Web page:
I think I never passed so sad an hour,
Dear friend, as that one at the church to-night.
The edifice from basement to the tower
Was one resplendent blaze of coloured light.
Up through broad aisles the stylish crowd was thronging,
Each richly robed like some king's bidden guest.
"Here will I bring my sorrow and my longing,"
I said, "and here find rest."
I heard the heavenly organ's voice of thunder,
It seemed to give me infinite relief.
I wept. Strange eyes looked on in well-bred wonder
I dried my tears: their gaze profaned my grief.
Wrapt in the costly furs, and silks and laces
Beat alien hearts, that had no part with me.
I could not read, in all those proud cold faces,
One thought of sympathy.
I watched them bowing and devoutly kneeling,
Heard their responses like sweet waters roll.
But only the glorious organ's sacred pealing
Seemed gushing from a full and fervent soul.
I listened to the man of holy calling,
He spoke of creeds, and hailed his own as best;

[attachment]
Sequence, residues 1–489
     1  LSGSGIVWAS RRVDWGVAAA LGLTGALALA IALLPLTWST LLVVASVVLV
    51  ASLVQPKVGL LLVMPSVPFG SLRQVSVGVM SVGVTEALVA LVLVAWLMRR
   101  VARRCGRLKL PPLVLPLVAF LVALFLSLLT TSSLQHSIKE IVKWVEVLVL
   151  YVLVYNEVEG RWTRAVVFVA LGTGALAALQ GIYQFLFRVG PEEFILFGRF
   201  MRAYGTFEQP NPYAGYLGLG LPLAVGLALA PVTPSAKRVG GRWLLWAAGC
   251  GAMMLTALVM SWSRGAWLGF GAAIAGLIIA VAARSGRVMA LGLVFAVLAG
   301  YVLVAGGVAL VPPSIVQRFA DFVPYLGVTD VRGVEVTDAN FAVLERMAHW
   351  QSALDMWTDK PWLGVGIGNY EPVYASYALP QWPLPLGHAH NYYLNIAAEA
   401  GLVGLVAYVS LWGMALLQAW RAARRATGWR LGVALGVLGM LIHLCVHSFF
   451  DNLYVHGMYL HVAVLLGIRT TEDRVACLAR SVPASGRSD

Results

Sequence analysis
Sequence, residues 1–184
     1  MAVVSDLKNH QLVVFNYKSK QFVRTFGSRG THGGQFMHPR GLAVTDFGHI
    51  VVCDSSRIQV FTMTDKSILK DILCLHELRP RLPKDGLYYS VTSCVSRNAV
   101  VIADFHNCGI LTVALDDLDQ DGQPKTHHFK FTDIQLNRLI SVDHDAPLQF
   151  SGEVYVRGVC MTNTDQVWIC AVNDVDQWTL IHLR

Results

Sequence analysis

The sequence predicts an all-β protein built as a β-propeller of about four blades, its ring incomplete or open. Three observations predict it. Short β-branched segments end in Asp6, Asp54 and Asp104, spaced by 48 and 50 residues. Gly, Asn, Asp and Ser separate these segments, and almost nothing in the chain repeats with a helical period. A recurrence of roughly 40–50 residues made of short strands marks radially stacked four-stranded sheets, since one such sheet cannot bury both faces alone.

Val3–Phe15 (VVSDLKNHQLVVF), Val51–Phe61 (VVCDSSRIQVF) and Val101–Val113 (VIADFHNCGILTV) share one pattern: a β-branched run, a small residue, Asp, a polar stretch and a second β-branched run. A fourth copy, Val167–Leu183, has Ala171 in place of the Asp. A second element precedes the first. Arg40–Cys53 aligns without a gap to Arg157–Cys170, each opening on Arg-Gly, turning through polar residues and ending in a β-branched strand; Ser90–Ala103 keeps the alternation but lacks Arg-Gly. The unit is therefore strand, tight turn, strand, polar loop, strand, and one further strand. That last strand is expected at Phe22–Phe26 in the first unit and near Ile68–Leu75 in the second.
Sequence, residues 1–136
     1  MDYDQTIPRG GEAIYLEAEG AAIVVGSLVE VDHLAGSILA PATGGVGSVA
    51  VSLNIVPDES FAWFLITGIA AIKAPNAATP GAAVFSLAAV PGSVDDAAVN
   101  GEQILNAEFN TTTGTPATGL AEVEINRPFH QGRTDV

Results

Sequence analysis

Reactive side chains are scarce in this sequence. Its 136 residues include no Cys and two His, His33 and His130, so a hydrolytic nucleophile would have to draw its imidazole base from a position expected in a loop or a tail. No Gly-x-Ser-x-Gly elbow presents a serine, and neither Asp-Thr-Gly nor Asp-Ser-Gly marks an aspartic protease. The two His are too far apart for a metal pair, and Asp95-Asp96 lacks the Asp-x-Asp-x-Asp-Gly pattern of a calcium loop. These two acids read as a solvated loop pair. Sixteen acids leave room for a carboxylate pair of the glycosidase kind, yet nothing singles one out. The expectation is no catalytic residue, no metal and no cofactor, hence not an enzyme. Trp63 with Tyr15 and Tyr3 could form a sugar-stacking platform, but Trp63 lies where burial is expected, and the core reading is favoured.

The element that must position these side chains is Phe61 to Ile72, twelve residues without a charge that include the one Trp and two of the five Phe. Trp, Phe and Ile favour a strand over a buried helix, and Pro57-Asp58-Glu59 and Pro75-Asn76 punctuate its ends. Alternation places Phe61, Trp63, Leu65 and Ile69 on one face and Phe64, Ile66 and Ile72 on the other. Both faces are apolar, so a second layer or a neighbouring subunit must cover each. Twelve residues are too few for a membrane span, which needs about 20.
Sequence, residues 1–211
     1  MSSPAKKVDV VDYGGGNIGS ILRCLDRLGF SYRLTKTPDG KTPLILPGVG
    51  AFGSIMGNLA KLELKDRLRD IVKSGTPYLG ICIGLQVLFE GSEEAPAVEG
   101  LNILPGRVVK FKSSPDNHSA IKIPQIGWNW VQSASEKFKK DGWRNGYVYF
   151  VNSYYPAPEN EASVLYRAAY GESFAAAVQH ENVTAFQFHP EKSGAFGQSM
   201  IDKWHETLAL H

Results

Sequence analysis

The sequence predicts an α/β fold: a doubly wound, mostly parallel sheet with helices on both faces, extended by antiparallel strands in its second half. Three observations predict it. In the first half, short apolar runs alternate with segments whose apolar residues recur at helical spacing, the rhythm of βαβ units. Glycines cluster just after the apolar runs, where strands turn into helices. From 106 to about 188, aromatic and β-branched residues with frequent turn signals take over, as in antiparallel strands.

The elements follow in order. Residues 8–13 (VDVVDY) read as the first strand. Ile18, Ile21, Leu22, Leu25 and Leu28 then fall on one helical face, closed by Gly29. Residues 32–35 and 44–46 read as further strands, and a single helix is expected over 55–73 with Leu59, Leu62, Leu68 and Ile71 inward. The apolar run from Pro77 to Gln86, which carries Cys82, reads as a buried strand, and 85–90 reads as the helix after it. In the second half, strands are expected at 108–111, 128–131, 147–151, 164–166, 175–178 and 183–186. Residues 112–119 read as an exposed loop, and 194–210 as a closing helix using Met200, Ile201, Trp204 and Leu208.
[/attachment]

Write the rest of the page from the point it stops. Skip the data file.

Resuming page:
Of man's corruption and of Adam's falling,
But naught that gave me rest.
Nothing that helped me bear the daily grinding
Of soul with body, heart with heated brain.
Nothing to show the purpose of this blinding
And sometimes overwhelming sense of pain.
And then, dear friend, I thought of thee, so lowly,
So unassuming, and so gently kind,
And lo! a peace, a calm serene and holy,
Settled upon my mind.
Ah, friend, my friend! one true heart, fond and tender,
That understands our troubles and our needs,
Brings us more near to God than all the splendour
And pomp of seeming worship and vain creeds.
One glance of thy dear eyes so full of feeling,
Doth bring me closer to the Infinite,
Than all that throng of worldly people kneeling
In blaze of gorgeous light.
Poetical works of Ella Wheeler Wilcox. by Ella Wheeler Wilcox
Edinburgh : W. P. Nimmo, Hay, & Mitchell, 1917.
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